Big in Japan

Misao vodilja ovog posta je puko hvalisanje.

Izašao mi je članak u jednom od najbitnijih Tokijskih magazina na Engleskom jeziku po imenu Metropolis magazine. Zvanično i prve pare koje sam perom, bolje rečeno tastaturom, zaradio.

Tema - avijacija, šta drugo. Ko je dobar sa Engleskim, neka sam pročita i prevede ostalima. Sve je dostupno još neko vrijeme na njihovoj stranici, link je ovdje, ali pošto će novi broj brzo i moj članak leti sa tog linka, ja sam kopirao sve u ovaj okvir ispod.


Last Word
By Radovan Pavlić

The sky should not be the limit

Japan’s protectionist attitude toward its airline industry is wasteful and misguided

Have you ever wondered why you can’t get a flight out of Tokyo for a couple of thousand yen on the Japanese equivalent of a JetBlue or RyanAir? Or why the most expensive part of any picturesque Asian trip is actually leaving Japan? Or why JAL and ANA have such a strong grip over domestic air travel—with the exception of a few routes served by airlines deceivingly proclaiming themselves as “low-cost carriers”? I know I have.

When I first moved to Japan, I was thrilled at the prospect of roaming across Asia on weekends on low-cost flights. Cambodia, Thailand, Vietnam, India—destinations were popping out from every show on the Discovery Channel. Yet this bubble burst shortly after arrival, when I realized there are no discount airlines in Japan and no low-cost Asian carrier has access to Tokyo. The whole thing smelled of protectionism.

As I investigated the issue, I kept coming across the same excuse dragged through the media and embedded in all governmental press releases. “Tokyo airports have no free slots for any new airline!” (In aviation talk, a slot refers to a carrier’s right to operate a flight to an airport.)

I’ve never been satisfied with short explanations for what must be a complex issue, so I decided to give the surface a scratch. Here’s my two yen on it.

It’s true that Tokyo’s two airports are crowded; as you read this, airlines from 37 nations are queuing for access rights. A raw comparison of Tokyo and New York City, two cities with comparable economies, shows an interesting discrepancy: Tokyo has two airports with a total of five runways, while NYC has three major airports and nine runways serving a population that’s just 60 percent of Tokyo’s.

So the claim that there is no free runway space holds water, but is the government doing anything to solve the issue? Public opinion says “Yes,” and to be sure, a new, 2,500m-long runway will be constructed at Haneda on an artificial island in Tokyo Bay by 2009. Narita, too, will extend its shorter runway by some 320 meters and reconstruct its taxiway system by 2010. When completed, these improvements will increase the number of Tokyo-bound flights by 164 a day. The added runway space, though not a complete solution, should open up the airports to increased competition from low-cost carriers based overseas.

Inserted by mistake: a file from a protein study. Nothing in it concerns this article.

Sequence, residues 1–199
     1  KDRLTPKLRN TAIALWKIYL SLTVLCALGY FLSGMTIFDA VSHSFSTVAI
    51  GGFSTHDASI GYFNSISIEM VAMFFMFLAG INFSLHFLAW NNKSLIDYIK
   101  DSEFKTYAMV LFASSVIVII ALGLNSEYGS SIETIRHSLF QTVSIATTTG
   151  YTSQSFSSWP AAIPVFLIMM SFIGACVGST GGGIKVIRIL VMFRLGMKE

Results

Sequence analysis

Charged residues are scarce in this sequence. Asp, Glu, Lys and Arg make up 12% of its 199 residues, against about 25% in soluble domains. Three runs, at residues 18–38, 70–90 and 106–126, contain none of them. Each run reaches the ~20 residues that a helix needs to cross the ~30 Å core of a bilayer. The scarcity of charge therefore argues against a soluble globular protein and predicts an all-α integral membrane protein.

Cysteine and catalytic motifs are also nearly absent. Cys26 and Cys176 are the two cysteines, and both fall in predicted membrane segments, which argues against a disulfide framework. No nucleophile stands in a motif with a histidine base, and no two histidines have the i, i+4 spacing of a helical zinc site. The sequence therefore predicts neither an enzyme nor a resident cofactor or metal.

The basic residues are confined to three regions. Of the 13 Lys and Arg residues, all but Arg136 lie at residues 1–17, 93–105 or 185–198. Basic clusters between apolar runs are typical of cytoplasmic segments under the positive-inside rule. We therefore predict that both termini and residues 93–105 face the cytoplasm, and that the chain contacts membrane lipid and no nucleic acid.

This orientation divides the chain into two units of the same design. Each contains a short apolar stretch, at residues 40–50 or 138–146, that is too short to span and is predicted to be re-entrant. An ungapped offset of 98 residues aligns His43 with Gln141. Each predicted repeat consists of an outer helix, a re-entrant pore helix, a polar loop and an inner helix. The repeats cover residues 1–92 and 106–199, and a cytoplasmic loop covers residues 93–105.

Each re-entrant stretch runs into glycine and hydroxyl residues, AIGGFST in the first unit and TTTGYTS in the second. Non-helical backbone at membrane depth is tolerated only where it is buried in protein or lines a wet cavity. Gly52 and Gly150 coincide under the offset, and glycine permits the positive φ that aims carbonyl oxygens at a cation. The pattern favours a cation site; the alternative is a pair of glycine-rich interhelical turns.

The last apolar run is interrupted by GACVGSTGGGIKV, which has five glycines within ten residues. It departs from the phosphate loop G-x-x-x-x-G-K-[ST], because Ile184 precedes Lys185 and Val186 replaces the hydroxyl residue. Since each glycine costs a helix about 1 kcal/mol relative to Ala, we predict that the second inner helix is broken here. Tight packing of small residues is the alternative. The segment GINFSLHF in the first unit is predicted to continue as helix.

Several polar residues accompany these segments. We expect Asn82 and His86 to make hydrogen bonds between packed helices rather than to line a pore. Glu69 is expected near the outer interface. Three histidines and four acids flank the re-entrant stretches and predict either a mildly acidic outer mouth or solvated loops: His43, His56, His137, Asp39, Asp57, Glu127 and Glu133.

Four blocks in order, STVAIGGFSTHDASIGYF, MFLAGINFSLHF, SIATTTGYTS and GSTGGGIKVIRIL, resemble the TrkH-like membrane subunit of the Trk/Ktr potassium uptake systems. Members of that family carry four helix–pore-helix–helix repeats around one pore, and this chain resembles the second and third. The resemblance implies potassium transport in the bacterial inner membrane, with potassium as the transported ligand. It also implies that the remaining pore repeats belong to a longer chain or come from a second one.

Personally, I doubt that adding less than 3km of tarmac is adequate. But there is an answer, which becomes obvious once you start thinking out of the NHK-served box. Greater Tokyo has nine air force bases—that’s right, nine! Certainly, a few of them could be converted to secondary airports for low-cost operations, or at least adapted to dual civilian and military use. In fact, Hyakuri JASDF base is to be converted into Ibaraki Airport by 2009, and it’s thought that 2 million people will find it more convenient to fly there than Tokyo. This, along with a brand new airport to be constructed in Shizuoka around the same time, should loosen the pressure on Tokyo traffic. But these are just tweaks when groundbreaking change is needed.

The real solution has a name: Yokota. The idea of adapting the US Air Force Base to civilian use is old news—it was initially floated by Tokyo Governor Shintaro Ishihara in 1999, and in 2003 former Prime Minister Junichiro Koizumi and US President George W. Bush talked about it. Amazingly, the American side was willing to cooperate and let the base be used for civilian flights. The most important result of this would be to ease the pressure on local airspace, which now dictates that planes flying into Tokyo take a mazy (read: costly) approach pattern. A study was ordered to analyze the issue, but nothing noteworthy has happened since.

It’s evident that the Japanese government is protecting the market for JAL, which has a “low-cost” subsidiary named Jalways, and ANA, which has announced that it will also establish a discount carrier to counter the Asian budget airlines that are vying to take a bite out of its lucrative pie. Japan’s extensive shinkansen network already puts intense pressure on both airlines, but the government should be aware that erecting a fence around its own backyard is not a good way of doing business. Such a sterile environment can only weaken the enterprise and make it unprepared to confront new challenges.

Of course, paying for this whole corporate swindle is, as usual, the sheepish Japanese traveler, and waking up the Japanese public to the issue won’t be easy. If nothing else, my backpack and I will be ready in 2009 when ANA and JAL finally start to get knocked off their duopolistic pedestal.

Radovan Pavlić is an aviation specialist and freelance writer working in Tokyo.

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